One way of doing this is to start by listing your own values and beliefs related to having children or remaining child-free. For example, do you believe that having children is necessary for a meaningful life? Do you believe that becoming a parent will make you a better person? Do you believe that having children will ensure that you aren’t lonely when you’re older? Perhaps you believe that the world is already overpopulated and that it is irresponsible to add more children to the world? And what do you believe about people who don’t have children? Do you believe they are selfish? Do you believe that they will be lonely when they are older? Or do you believe that choosing not to have children is a socially and environmentally responsible decision?
Keep writing down all of your beliefs about the importance of having children and your beliefs about people who remain child-free. When you’re done, go back over the list and ask yourself where those beliefs came from. Which beliefs come from your family? Which ones come from your culture? Which ones do you actually believe are true – for you?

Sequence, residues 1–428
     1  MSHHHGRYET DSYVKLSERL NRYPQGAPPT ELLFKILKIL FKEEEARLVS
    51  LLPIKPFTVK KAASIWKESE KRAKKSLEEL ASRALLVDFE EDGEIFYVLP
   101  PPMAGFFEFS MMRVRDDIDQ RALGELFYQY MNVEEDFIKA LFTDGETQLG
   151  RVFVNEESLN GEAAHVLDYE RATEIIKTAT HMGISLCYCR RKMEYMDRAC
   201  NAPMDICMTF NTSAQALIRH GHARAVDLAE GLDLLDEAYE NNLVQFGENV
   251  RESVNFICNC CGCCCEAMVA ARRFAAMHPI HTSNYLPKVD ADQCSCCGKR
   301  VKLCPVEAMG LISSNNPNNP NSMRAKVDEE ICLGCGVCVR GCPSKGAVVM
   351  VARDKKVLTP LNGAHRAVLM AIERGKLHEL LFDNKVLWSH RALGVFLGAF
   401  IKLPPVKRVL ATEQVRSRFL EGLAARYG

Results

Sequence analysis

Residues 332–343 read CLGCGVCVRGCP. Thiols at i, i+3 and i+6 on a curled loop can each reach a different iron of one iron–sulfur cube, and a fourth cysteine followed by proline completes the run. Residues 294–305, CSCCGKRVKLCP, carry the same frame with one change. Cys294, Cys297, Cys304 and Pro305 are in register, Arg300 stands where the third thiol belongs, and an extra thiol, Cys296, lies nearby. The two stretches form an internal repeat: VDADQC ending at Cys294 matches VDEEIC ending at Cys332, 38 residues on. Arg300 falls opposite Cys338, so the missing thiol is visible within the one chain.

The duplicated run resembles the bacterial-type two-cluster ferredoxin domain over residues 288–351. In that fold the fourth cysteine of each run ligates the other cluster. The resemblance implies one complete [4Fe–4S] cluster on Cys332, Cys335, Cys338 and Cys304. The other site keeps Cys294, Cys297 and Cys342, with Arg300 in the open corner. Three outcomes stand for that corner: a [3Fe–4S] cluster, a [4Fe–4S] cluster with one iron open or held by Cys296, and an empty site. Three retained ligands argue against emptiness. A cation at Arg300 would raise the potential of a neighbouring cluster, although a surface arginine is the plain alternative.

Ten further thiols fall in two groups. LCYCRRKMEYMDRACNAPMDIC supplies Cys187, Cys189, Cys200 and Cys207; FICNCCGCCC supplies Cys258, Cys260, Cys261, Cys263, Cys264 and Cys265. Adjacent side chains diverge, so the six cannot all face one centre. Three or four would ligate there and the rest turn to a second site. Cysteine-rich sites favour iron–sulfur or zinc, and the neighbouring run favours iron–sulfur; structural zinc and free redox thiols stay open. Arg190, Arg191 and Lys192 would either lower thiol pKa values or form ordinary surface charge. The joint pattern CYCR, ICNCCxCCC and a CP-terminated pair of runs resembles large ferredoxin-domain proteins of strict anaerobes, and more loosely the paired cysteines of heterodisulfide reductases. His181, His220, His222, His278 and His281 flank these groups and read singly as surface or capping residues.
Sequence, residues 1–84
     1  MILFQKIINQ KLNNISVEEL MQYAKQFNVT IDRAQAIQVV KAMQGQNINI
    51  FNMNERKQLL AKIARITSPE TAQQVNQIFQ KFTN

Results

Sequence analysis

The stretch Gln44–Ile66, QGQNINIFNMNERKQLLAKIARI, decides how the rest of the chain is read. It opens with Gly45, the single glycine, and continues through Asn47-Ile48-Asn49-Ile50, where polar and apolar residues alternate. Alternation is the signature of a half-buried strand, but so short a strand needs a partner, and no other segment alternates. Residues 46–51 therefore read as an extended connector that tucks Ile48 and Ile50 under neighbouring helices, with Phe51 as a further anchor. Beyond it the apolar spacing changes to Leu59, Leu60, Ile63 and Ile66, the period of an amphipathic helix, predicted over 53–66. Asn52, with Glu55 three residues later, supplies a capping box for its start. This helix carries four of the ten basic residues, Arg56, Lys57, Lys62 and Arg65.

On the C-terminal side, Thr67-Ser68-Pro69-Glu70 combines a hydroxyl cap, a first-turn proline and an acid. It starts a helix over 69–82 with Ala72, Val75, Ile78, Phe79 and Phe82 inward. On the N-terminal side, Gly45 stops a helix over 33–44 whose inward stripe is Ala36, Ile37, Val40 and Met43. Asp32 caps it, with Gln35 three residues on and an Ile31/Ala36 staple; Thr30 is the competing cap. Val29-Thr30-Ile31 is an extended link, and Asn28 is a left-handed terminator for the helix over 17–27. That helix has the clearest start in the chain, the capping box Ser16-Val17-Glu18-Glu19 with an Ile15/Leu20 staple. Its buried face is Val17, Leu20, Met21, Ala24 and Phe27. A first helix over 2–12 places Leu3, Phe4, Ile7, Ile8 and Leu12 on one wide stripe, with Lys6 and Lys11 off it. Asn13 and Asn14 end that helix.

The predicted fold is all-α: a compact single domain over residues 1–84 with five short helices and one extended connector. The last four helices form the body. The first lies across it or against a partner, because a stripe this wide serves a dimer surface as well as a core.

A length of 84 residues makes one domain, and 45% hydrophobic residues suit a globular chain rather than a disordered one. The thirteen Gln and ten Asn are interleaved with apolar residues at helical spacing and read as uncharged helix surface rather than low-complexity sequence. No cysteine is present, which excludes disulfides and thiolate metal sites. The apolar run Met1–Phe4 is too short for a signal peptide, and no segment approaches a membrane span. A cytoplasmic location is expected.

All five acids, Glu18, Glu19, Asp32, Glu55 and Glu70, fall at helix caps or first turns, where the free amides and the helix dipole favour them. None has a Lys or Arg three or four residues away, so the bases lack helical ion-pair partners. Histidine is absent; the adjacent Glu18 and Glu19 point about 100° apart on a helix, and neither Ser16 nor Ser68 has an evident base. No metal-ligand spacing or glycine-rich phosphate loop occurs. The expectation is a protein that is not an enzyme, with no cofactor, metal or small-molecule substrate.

Sorting out what you personally value in terms of children, nurturing, and what you believe is important in creating a meaningful life is one important step in this process.
And if you are in a relationship, sorting out your partner’s values and beliefs about having children is also critical in this decision. If you and your partner don’t value the same things in life – if your beliefs and values about the importance of having children are discrepant – you will have a very difficult time reconciling whether or not to have children. Over the long haul, it will also be challenging to create a life together that is meaningful and satisfying and fulfilling to you both.
If you find it difficult to come up with your values, you might find this link useful.
I think I want to be a parent, but I love my independent lifestyle. I’m not sure I can deal with the loss of freedom. How do I decide what is more important to me?
Generally, there is one area that rises above the other. Now ask yourself, what is it about an independent lifestyle and/or parenthood that is really important to me? Perhaps you love travelling. If that is something that is very important to you, is it still possible to make travelling a priority once you have a child? Or maybe you value teaching children, but do you have to become a parent to do this – or are there other ways to teach children while still maintaining your independent lifestyle?
Hopefully this exercise has helped you begin to unpack what is more important to you. If you find yourself still uncertain, you may want to see a counsellor who can help you work through this decision.